Extracellular Vesicles for the Treatment of Radiation-Induced Normal Tissue Toxicity in the Lung.

Journal: 
Front Oncol
Publication Year: 
2020
Authors: 
Pierre Montay-Gruel
Yafeng Zhu
Benoit Petit
Ron Leavitt
Mike Warn
Erich Giedzinski
Jonathan Ollivier
David A Sinclair
Marie-Catherine Vozenin
Charles L Limoli
PubMed link: 
33738245
Public Summary: 
Human stem cell-derived extracellular vesicles (EV) provide many advantages over cell-based therapies for the treatment of functionally compromised tissue beds and organ sites. Here we sought to determine whether human embryonic stem cell (hESC)-derived EV could resolve in part, the adverse late normal tissue complications associated with exposure of the lung to ionizing radiation. The hESC-derived EV were systemically administered to the mice via the retro-orbital sinus to explore the potential therapeutic benefits following exposure to high thoracic doses of radiation (14 Gy). Data demonstrated that hESC-derived EV treatment significantly improved overall survival of the irradiated cohorts (P < 0.001). Increased survival was also associated with significant reductions in lung fibrosis as quantified by CBCT imaging (P < 0.01, 2 weeks post-irradiation). Qualitative histological analyses revealed reduced indications of radiation induced pulmonary injury in animals treated with EV. EV were then subjected to a rigorous proteomic analysis to ascertain the potential bioactive cargo that may prove beneficial in ameliorating radiation-induced normal tissue toxicities in the lung. Proteomics validated several consensus exosome markers (e.g., CD68) and identified major classes of proteins involved in nuclear pore complexes, epigenetics, cell cycle, growth and proliferation, DNA repair, antioxidant function, and cellular metabolism (TCA cycle and oxidative phosphorylation, OXYPHOS). Interestingly, EV were also found to contain mitochondrial components (mtDNA, OXYPHOS protein subunits), which may contribute to the metabolic reprograming and recovery of radiation-injured pulmonary tissue. To evaluate the safety of EV treatments in the context of the radiotherapeutic management of tumors, mice harboring TC1 tumor xenografts were subjected to the same EV treatments shown to forestall lung fibrosis. Data indicated that over the course of one month, no change in the growth of flank tumors between treated and control cohorts was observed. In conclusion, present findings demonstrate that systemic delivery of hESC-derived EV could ameliorate radiation-induced normal tissue complications in the lung, through a variety of potential mechanisms based on EV cargo analysis.
Scientific Abstract:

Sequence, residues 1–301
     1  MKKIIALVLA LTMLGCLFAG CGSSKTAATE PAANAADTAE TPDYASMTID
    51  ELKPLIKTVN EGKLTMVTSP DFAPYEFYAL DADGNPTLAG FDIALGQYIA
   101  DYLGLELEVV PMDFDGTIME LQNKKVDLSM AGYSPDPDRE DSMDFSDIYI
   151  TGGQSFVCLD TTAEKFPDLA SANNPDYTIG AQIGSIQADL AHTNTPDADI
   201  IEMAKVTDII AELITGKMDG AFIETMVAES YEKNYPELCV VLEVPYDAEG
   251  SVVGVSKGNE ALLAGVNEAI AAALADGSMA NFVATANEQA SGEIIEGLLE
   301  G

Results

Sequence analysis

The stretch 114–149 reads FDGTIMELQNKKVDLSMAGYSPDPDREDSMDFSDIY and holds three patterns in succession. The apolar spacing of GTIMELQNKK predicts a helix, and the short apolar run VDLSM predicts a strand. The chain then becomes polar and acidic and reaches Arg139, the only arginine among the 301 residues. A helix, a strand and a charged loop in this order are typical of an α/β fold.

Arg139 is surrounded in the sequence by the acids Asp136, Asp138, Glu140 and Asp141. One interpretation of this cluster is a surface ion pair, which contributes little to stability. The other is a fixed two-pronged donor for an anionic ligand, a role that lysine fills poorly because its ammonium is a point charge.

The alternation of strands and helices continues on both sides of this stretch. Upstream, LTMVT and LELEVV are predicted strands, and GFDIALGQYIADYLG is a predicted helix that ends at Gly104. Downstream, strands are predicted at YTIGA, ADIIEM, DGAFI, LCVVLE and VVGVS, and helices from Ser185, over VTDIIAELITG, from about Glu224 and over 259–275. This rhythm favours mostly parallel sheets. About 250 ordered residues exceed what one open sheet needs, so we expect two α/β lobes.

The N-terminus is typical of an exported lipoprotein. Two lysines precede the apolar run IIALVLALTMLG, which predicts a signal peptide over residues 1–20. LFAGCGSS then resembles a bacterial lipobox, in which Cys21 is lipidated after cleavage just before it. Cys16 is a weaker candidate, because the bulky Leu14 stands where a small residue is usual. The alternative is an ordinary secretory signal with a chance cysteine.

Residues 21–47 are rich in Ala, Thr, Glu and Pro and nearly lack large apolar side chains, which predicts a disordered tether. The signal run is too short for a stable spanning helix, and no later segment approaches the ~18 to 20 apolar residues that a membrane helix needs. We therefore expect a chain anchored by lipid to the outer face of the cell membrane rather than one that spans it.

Human stem cell-derived extracellular vesicles (EV) provide many advantages over cell-based therapies for the treatment of functionally compromised tissue beds and organ sites. Here we sought to determine whether human embryonic stem cell (hESC)-derived EV could resolve in part, the adverse late normal tissue complications associated with exposure of the lung to ionizing radiation. The hESC-derived EV were systemically administered to the mice via the retro-orbital sinus to explore the potential therapeutic benefits following exposure to high thoracic doses of radiation (14 Gy). Data demonstrated that hESC-derived EV treatment significantly improved overall survival of the irradiated cohorts (P < 0.001). Increased survival was also associated with significant reductions in lung fibrosis as quantified by CBCT imaging (P < 0.01, 2 weeks post-irradiation). Qualitative histological analyses revealed reduced indications of radiation induced pulmonary injury in animals treated with EV. EV were then subjected to a rigorous proteomic analysis to ascertain the potential bioactive cargo that may prove beneficial in ameliorating radiation-induced normal tissue toxicities in the lung. Proteomics validated several consensus exosome markers (e.g., CD68) and identified major classes of proteins involved in nuclear pore complexes, epigenetics, cell cycle, growth and proliferation, DNA repair, antioxidant function, and cellular metabolism (TCA cycle and oxidative phosphorylation, OXYPHOS). Interestingly, EV were also found to contain mitochondrial components (mtDNA, OXYPHOS protein subunits), which may contribute to the metabolic reprograming and recovery of radiation-injured pulmonary tissue. To evaluate the safety of EV treatments in the context of the radiotherapeutic management of tumors, mice harboring TC1 tumor xenografts were subjected to the same EV treatments shown to forestall lung fibrosis. Data indicated that over the course of one month, no change in the growth of flank tumors between treated and control cohorts was observed. In conclusion, present findings demonstrate that systemic delivery of hESC-derived EV could ameliorate radiation-induced normal tissue complications in the lung, through a variety of potential mechanisms based on EV cargo analysis.